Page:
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South Sea Tales

The Whale Tooth
It was in the early days in Fiji, when John Starhurst arose in the mission house at Rewa
Village and announced his intention of carrying the gospel throughout all Viti Levu. Now
Viti Levu means the "Great Land," it being the largest island in a group composed of
many large islands, to say nothing of hundreds of small ones. Here and there on the
coasts, living by most precarious tenure, was a sprinkling of missionaries, traders, bˆche-
de-mer fishers, and whaleship deserters. The smoke of the hot ovens arose under their
windows, and the bodies of the slain were dragged by their doors on the way to the
feasting.
The Lotu, or the Worship, was progressing slowly, and, often, in crablike fashion. Chiefs,
who announced themselves Christians and were welcomed into the body of the chapel,
had a distressing habit of backsliding in order to partake of the flesh of some favorite
enemy. Eat or be eaten had been the law of the land; and eat or be eaten promised to
remain the law of the land for a long time to come. There were chiefs, such as Tanoa,
Tuiveikoso, and Tuikilakila, who had literally eaten hundreds of their fellow men. But
among these gluttons Ra Undreundre ranked highest. Ra Undreundre lived at Takiraki.
He kept a register of his gustatory exploits. A row of stones outside his house marked the
bodies he had eaten. This row was two hundred and thirty paces long, and the stones in it
numbered eight hundred and seventy-two. Each stone represented a body. The row of
stones might have been longer, had not Ra Undreundre unfortunately received a spear in
the small of his back in a bush skirmish on Somo Somo and been served up on the table
of Naungavuli, whose mediocre string of stones numbered only forty-eight.
The hard-worked, fever-stricken missionaries stuck doggedly to their task, at times
despairing, and looking forward for some special manifestation, some outburst of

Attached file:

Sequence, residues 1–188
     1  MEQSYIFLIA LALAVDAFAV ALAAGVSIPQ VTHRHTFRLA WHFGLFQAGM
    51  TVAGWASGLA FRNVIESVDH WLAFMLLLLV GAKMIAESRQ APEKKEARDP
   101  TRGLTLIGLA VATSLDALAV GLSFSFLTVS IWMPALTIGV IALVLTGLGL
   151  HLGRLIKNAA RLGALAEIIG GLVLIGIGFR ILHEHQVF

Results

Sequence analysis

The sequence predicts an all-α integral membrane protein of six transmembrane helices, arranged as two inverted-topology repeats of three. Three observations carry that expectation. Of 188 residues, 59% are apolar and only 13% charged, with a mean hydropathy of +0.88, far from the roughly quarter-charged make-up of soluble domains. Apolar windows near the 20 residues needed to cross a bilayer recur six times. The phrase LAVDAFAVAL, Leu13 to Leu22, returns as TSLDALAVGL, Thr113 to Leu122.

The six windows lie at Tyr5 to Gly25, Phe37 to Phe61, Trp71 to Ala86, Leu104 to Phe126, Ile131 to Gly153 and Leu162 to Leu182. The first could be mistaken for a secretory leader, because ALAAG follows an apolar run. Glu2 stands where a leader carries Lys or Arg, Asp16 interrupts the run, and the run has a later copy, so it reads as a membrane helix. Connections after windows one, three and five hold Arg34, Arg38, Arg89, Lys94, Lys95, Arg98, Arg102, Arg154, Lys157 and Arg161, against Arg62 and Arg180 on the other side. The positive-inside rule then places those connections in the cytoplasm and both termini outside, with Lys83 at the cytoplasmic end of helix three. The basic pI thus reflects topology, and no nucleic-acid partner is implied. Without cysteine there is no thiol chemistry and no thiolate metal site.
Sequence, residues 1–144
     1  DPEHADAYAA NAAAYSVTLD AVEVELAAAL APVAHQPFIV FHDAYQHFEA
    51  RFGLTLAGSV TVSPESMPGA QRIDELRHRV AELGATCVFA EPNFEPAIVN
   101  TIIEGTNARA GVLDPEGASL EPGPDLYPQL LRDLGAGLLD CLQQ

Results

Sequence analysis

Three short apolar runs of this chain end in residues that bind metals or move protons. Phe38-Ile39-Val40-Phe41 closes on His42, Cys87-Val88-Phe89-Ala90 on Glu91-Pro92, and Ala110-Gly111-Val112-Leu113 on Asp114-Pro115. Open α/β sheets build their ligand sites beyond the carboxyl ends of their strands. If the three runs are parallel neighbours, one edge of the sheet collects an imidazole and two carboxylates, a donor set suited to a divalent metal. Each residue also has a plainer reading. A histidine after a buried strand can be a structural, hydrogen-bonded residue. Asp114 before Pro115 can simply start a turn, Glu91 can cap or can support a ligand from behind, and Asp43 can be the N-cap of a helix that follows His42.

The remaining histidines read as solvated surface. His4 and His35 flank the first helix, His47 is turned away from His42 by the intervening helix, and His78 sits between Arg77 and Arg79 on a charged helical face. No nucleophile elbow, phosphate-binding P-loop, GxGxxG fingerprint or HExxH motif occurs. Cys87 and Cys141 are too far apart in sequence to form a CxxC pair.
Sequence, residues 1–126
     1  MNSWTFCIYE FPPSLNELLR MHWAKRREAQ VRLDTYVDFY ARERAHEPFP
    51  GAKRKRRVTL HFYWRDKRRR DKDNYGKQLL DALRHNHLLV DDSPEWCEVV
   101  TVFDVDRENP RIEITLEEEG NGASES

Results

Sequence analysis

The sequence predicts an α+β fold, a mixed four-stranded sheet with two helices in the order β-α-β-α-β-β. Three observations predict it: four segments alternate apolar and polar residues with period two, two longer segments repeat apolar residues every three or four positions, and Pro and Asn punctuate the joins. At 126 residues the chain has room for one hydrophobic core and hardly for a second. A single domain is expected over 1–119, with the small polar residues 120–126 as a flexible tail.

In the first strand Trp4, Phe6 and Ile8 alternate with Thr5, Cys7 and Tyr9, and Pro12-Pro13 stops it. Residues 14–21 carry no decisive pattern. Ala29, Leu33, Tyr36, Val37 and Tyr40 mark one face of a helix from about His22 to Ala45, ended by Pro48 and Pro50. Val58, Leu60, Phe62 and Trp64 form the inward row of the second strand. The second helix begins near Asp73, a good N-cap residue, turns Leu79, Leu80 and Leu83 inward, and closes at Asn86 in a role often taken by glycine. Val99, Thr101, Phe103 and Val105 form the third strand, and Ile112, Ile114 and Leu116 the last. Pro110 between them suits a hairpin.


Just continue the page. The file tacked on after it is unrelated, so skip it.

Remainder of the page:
Pentecostal fire that would bring a glorious harvest of souls. But cannibal Fiji had
remained obdurate. The frizzle-headed man-eaters were loath to leave their fleshpots so
long as the harvest of human carcases was plentiful. Sometimes, when the harvest was
too plentiful, they imposed on the missionaries by letting the word slip out that on such a
day there would be a killing and a barbecue. Promptly the missionaries would buy the
lives of the victims with stick tobacco, fathoms of calico, and quarts of trade beads.
Natheless the chiefs drove a handsome trade in thus disposing of their surplus live meat.
Also, they could always go out and catch more.
It was at this juncture that John Starhurst proclaimed that he would carry the Gospel from
coast to coast of the Great Land, and that he would begin by penetrating the mountain
fastnesses of the headwaters of the Rewa River. His words were received with
consternation.
The native teachers wept softly. His two fellow missionaries strove to dissuade him. The
King of Rewa warned him that the mountain dwellers would surely kai-kai him--kai-kai
meaning "to eat"--and that he, the King of Rewa, having become Lotu, would be put to
 
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